Bad theory drives out good: the only place where people can put their money is into someone else’s pocket. Quantitative Easing has contributed to fostering a pervasive belief in capital markets that the quantity of (central bank’s) money is all that matters, because - as the argument goes – “people have to put their money somewhere”, be it bonds, equities or alternative assets, such as cryptocurrencies. However, because it overlooks the critical role played by money velocity, this “liquidity paradigm” is both theoretically flawed and empirically contradicted.

A mere acquaintance with double-entry book-keeping indicates, indeed, that the only place where people can put their money is into someone else’s pocket. When Mr. X buys shares from Mrs. Y for cash, the former substitutes shares for cash in his assets, while the latter does the opposite in her assets. Money has not disappeared, it has just changed hands. In an extreme case, if market participants were to hoard the whole of their money balances, by design not a single transaction would take place and there would not be any asset price to observe. Therefore, it is not the quantity of money but its circulation that causes asset prices to rise or to fall. Yet, few people seem to consider the velocity of money in capital markets as a variable of interest.

Measurement issues are at least partly responsible for this neglect.
One cannot comprehensively observe how frequently money changes hands in all segments of capital markets. The nominal value of transactions executed in stock exchanges is usually known, but that is not the case for transactions executed in OTC markets or dark pools. As for the share of the money supply involved in financial transactions, it is anybody’s guess. For lack of a more comprehensive and granular measure, we shall define the financial velocity of money as the ratio of the equity turnover value to the broad money supply.

The unbearable fickleness of financial velocity. The neglect of the financial velocity of money is all the more puzzling as there is some evidence that central banks do not seem to control it. China is a case in point. Why investigate this issue in China? Because the observation conditions are probably better in China than elsewhere. Chinese equity markets and money supply have been and still are less open to foreign influence than their US counterparts. Chinese data on the nominal value of transactions are probably more comprehensive and reliable than the US ones.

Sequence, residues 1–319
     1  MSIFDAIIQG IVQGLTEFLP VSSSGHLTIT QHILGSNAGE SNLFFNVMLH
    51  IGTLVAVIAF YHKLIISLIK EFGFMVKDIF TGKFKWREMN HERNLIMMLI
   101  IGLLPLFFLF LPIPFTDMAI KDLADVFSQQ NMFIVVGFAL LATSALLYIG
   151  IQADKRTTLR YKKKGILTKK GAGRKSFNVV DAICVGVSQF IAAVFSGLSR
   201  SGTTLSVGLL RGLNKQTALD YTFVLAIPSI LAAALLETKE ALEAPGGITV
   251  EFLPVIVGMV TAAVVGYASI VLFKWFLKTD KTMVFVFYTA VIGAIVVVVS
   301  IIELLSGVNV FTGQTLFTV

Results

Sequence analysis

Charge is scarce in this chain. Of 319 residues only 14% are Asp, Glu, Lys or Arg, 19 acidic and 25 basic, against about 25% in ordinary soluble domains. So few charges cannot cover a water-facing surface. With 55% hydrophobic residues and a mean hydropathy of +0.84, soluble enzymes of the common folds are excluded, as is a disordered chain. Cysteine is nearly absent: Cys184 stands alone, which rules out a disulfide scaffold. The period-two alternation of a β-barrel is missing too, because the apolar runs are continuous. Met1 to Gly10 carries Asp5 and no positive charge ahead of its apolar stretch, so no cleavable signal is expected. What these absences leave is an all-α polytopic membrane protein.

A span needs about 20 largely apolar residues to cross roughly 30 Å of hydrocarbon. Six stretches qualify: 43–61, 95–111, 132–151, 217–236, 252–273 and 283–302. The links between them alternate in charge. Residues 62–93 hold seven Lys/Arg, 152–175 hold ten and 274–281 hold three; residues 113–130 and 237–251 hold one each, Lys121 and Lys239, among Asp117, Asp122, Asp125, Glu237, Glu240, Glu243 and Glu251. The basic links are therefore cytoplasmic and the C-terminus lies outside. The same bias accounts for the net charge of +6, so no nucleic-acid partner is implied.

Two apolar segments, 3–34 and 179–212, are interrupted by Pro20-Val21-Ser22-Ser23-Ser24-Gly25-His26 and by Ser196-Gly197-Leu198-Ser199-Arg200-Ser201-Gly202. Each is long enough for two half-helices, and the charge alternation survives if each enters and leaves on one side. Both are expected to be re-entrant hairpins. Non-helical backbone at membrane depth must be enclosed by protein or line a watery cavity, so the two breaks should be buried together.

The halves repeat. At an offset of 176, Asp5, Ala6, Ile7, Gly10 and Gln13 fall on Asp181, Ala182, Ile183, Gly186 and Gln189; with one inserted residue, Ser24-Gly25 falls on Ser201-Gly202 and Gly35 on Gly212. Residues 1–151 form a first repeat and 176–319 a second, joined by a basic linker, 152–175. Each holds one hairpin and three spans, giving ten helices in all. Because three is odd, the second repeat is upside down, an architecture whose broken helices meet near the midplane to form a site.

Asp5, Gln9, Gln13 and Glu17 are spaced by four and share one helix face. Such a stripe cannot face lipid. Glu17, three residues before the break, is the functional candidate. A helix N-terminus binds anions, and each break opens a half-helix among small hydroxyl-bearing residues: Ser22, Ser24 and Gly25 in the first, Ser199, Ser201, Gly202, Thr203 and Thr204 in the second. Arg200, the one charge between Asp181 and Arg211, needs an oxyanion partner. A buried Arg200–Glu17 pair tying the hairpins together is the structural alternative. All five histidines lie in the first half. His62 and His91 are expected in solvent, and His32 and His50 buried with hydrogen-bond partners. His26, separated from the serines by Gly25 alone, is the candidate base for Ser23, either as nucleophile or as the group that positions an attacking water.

Our first key observation is that the financial velocity of money in China – defined as the ratio of equity turnover value-to-M2 – has been highly unstable1.  From the trough to the peak of the last three market cycles, the financial velocity of money has been multiplied by almost 30 and 15, respectively, as shown in Table 1 and Figure 1.

Table 1 – Extreme values of M2 and its financial velocity through cycles
Sources: Refinitiv/Allianz Research
Figure 1 – Ratio of equity turnover value-to-M2 in China
Sources: Refinitiv/Allianz Research
In contrast to its financial velocity, M2 has almost never kept growing from 1998 to date, but has only been multiplied by two to three between the end and the beginning of each of the three cycles. In other words, the financial velocity of M2 has been far more volatile than M2 itself.
By equity turnover value, we mean the sum of the Shanghai and Shenzhen stock exchange turnovers, expressed at an annual rate. As a result, financial velocity is also expressed at an annual rate.
The second key observation: none of the exogenous variables usually invoked to explain fluctuations in the velocity of money succeeds in explaining what we have witnessed in China: Neither (policy or market) interest rates, nor (narrow or broad) credit and money aggregates, nor the reserve requirement ratio, nor the exchange rate show any significant and stable correlation with financial velocity. Furthermore, over the same time, in the wake of a secular decline, the income velocity of M2 (the ratio of nominal GDP-to-M2), namely the velocity of money in the real economy, has halved.

Positive but non-linear feedback loops between past returns and financial velocity. Since we cannot explain the financial velocity of M2 with variables exogenous to the equity market, what about endogenous factors? Could there be, for example, a positive feedback loop between equity returns and financial velocity? As shown in Figure 2, we submit that this is indeed the case, subject to two assumptions.

Figure 2 – Ratio of equity turnover value-to-M2 and present value of past equity returns (Shenzen SE A shares index)
Sources: Refinitiv/Allianz Research